Proteostasis shares shattered as weak triplet data inspires a scorching backlash
You almost have to pity Proteostasis $PTI today. The micro-cap biotech sallied out into the stock market early in the day trying to float some mediocre efficacy results for their triple for cystic fibrosis and got gunned down on every side.
Already quick to entice skepticism after earlier shots on goal aroused a short attack from Kerrisdale Capital, some prominent analysts made short work of Proteostasis’ numbers this morning. Its share price is down 65% to an all-time low and the market cap has shriveled to a paltry $76 million — less than current assets on hand.
That’s a far cry from the big spike of last October, when some positive doublet data whipped up a bit of controversial support for the biotech — always dangerous when you factor in the Sturm und Drang reactions from the brigade of Vertex supporters out there anxious to mug anything that could compare with one of their champion’s new triplets.
Even by excluding some patients from their per protocol evaluation, though, these weren’t competitive numbers, and Proteostasis shares were quickly led to the slaughter.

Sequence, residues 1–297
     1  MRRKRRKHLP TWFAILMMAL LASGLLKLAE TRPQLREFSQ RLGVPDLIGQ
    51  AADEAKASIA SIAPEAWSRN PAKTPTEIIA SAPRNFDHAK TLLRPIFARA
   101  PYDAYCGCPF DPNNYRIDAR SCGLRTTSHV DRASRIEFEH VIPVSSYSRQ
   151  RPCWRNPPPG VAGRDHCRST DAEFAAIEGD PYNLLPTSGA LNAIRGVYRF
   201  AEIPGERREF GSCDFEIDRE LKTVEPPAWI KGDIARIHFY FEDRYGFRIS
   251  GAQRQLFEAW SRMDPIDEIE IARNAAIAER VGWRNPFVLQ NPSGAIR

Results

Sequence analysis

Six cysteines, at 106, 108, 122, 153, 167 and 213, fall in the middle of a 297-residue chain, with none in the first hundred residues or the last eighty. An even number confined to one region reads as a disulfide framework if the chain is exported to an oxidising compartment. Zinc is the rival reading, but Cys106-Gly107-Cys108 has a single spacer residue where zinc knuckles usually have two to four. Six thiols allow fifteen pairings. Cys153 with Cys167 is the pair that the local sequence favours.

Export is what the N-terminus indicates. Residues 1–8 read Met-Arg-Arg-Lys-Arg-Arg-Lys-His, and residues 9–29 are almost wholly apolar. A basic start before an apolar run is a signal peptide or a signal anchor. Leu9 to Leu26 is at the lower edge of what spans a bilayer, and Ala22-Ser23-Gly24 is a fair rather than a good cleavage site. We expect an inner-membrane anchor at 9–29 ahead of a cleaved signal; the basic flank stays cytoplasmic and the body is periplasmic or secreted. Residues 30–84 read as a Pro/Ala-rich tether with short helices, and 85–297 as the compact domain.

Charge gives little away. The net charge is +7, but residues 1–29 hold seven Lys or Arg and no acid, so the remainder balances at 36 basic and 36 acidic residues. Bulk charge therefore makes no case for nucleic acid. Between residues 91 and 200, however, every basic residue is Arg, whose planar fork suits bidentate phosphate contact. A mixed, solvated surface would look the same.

Here’s Geoffrey Porges from SVB Leerink:
Bottom Line: Proteostasis’ (PTI, OP) proprietary triple therapy phase I results for homozygous F508del cystic fibrosis (CF) did not match the efficacy of Vertex’s CF medicines, and will not compete for our estimated $10bn peak CF sales to Vertex. Proteostasis’ triple increased lung function measured by percent predicted forced expiratory volume (FEV1) from baseline by +5%, compared to the +13-14% hurdle established by Vertex.
Leerink’s Joseph Schwartz has been a bullish advocate of the triples and remains modestly hopeful about better numbers with longer therapy. But even Schwartz can’t swallow data points involving tiny patient numbers.
Although the company reported an FEV benefit of 5.2% when ‘428 was added onto Orkambi, some investors question the FEV benefit of ‘428 because the data was highly variable and largely driven by two patients on placebo who worsened more than one would expect. Unfortunately, patients did not gain a statistically significant improvement in FEV for both studies — 10 mg or 30 mg ‘428 added to Symdeko (28 days) and 400 mg ‘801 added to Symdeko (14 days) compared to placebo. However, the patients in the ‘801 + Symdeko cohort experienced an average sweat chloride improvement of -20 mM (p<0.05) compared to baseline. Based on today’s update, PTI will deprioritize their add-on study and focus on their proprietary triplet and doublet combination therapy.
Will investors come back for more? Many turned the channel this morning and don’t seem prepared to give this latest rival to Vertex’s throne another chance.
Not on board to inspect the data was Baird’s Brian Skorney, who had called the October results viable. Skorney dropped coverage soon after the October data were released and Proteostasis raised cash with its inflated share price.